Shoalhaven Water operate 13 wastewater treatment plants. Our operations include an environmentally friendly recycling scheme which allows treated effluent to be reused on local farms and sports fields.
Our wastewater treatment uses advanced physical, biological, and mechanical processes to treat incoming wastewater.
The treatment process is broken into three (3) stages:
- Primary treatment
- Secondary treatment
- Tertiary treatment
Incoming wastewater (effluent) enters the treatment plant at the inlet works.
The effluent passes through a series of screens first removing all non-biodegradable material such as plastics, cotton tips and sanitary products, then through a circular aerated grit chamber for removal of grit, sand, and rocks.
The remaining organic product then makes it way via channels and pipes to the secondary treatment stage. The inorganic (non-biodegradable) products are collected and taken to offsite landfill.
The secondary stage of treatment converts non-settleable organic solids to settleable solids and the separation of those from the liquid. It is made up of three (3) phases:
Surface aerators vigorously mix the incoming effluent with the activated sludge (aerobic bacteria) keeping it in suspension in the presence of supplied oxygen. Micro-organisms in the sludge use the organic material in the effluent as a food source for normal life functions and synthesis of new bacterial cells.
Alum can be added to help remove phosphorus and enhance settlement. The Alum bound phosphorus salts sink to the bottom of the tank along with other solids.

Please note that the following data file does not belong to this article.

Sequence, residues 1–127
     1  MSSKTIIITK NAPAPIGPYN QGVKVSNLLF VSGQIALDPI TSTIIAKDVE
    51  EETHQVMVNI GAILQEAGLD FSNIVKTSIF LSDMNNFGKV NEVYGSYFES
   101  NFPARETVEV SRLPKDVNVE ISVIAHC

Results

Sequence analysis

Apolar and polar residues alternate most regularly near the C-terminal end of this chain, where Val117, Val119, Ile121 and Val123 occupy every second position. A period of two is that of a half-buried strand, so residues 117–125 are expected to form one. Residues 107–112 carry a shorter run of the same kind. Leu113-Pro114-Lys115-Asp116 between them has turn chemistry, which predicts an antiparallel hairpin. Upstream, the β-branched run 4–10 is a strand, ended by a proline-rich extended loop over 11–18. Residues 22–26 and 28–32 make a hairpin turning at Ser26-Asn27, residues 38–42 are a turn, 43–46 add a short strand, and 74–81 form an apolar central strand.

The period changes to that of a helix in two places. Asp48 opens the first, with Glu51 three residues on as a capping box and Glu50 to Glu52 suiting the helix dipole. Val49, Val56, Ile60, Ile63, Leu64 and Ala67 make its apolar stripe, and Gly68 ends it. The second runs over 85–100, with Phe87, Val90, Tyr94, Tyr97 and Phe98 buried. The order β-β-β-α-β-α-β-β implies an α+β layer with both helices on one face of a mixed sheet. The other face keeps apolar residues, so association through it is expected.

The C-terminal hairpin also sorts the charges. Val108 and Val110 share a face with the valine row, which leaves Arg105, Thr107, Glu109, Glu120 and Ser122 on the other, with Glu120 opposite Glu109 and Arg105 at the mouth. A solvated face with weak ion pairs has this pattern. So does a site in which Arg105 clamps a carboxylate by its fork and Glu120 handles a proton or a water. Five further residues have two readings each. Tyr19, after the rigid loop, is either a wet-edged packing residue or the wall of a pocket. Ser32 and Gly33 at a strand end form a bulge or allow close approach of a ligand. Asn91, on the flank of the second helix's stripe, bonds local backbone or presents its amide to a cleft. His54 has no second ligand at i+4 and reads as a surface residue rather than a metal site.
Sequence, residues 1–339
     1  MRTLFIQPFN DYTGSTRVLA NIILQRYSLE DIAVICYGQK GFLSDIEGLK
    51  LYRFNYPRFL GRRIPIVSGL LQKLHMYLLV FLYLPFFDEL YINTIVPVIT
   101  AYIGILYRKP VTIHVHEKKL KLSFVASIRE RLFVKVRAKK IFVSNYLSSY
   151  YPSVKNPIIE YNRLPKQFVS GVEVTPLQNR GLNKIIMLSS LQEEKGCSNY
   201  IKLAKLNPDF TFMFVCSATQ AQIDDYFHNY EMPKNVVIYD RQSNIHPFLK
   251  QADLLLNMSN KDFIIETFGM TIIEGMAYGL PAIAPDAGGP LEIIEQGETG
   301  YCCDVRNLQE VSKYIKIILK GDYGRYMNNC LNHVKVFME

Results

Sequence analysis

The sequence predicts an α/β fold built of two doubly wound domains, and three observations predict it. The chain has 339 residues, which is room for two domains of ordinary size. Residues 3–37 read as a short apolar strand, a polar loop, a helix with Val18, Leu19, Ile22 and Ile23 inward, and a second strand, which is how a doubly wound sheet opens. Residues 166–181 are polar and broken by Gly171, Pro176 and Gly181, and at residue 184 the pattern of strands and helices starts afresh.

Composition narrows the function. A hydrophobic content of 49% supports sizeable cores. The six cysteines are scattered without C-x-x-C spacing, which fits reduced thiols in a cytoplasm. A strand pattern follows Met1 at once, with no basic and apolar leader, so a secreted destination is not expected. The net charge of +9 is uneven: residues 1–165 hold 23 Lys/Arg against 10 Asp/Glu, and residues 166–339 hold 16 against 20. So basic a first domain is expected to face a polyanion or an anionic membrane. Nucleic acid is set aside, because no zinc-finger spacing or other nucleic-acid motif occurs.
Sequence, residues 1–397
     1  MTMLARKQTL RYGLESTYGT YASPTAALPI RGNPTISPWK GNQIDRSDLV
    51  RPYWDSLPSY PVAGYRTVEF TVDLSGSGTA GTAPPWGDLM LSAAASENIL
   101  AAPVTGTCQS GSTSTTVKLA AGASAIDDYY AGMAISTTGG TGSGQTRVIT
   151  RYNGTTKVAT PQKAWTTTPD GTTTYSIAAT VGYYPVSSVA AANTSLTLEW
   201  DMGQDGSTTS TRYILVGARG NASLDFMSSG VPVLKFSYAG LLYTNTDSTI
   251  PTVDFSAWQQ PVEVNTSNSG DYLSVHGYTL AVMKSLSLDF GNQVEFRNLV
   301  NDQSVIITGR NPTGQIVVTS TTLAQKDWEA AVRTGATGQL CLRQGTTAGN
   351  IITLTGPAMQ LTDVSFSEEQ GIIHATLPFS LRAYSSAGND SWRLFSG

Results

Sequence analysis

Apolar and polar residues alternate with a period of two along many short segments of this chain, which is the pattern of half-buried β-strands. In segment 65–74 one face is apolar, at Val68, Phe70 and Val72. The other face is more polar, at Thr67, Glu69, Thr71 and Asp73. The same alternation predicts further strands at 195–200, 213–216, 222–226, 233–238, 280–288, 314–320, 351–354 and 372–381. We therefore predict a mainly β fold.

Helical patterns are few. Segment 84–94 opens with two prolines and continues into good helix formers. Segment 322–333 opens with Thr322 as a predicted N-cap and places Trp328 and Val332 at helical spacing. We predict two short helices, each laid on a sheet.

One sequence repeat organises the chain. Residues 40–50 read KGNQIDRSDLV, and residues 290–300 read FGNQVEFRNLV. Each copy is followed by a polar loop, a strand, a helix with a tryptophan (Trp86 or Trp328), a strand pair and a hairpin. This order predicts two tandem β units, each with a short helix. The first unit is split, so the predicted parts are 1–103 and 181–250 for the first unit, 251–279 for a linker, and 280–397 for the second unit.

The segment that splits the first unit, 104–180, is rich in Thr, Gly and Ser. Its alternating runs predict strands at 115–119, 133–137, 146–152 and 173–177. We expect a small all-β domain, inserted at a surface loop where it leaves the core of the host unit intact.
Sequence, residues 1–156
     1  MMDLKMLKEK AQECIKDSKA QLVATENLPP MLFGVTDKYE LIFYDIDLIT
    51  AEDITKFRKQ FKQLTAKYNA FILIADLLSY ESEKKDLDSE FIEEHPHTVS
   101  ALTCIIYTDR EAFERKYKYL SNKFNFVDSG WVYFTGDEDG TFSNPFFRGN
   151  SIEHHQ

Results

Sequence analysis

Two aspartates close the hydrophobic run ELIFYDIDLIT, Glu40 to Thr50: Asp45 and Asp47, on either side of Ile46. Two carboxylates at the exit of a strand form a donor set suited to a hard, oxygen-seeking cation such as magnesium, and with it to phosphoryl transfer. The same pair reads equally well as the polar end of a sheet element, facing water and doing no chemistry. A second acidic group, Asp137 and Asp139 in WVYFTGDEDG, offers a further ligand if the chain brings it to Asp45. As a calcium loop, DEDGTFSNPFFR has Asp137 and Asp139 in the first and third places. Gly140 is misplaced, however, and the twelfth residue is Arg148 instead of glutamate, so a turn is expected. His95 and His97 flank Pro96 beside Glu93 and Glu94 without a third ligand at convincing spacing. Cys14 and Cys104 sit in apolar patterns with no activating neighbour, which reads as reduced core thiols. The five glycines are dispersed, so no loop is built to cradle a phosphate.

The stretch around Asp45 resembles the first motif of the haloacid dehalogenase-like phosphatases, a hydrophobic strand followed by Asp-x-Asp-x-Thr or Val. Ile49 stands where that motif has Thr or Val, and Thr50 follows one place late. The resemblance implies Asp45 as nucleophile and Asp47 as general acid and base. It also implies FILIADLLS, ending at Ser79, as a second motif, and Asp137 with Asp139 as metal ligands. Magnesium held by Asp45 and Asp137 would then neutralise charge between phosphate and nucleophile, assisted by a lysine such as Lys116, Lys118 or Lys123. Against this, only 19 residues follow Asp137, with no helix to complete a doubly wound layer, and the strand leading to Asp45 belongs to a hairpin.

When the aerators are switched off the effluent becomes still and has time to settle. Having no oxygen supply, the microorganisms use carbon in the organic matter as a food source, converting nitrates to nitrogen gas.
During this phase, the solids separate and settle from the liquid giving clarification to the upper part of the tank.
After settling, the clear effluent is decanted from the tank into a centrally located trough. The decanted water is piped into an equalisation basin for holding before its final treatment.
Secondary Alum dosing can be used at this point for removal of phosphorus.
The final stage of the treatment process involves:
- Pressure filtration
The filtration system is filled with media composing of sand and anthracite. The water passing through the filters helps reduce remaining faecal coliforms and BOD5 levels.
After filtration the water is injected with chlorine gas for disinfection, reducing the amount of pathogens (bacteria) remaining. This is a requirement for public health.
A blast of ultraviolet light assists with further removal of microbiological contamination in water.
'Biosolids' are the organic solid waste product that is a direct result from the treatment process. It is processed and classified for beneficial reuse on farmland. Wastewater contains nutrient-rich solids which improve soil for agriculture and grass.
Biosolids come from the aeration phase of the treatment process. Activated sludge is pumped from the bottom of the aeration basin to the sludge lagoons where it is left to mature before being removed and processed through a dewatering machine called a 'centrifuge'.
The end product is left to dry before testing and classification for use. The processed usable produce is called biosolids.
On average we can produce 40-50 tonnes of dry biosolids per year.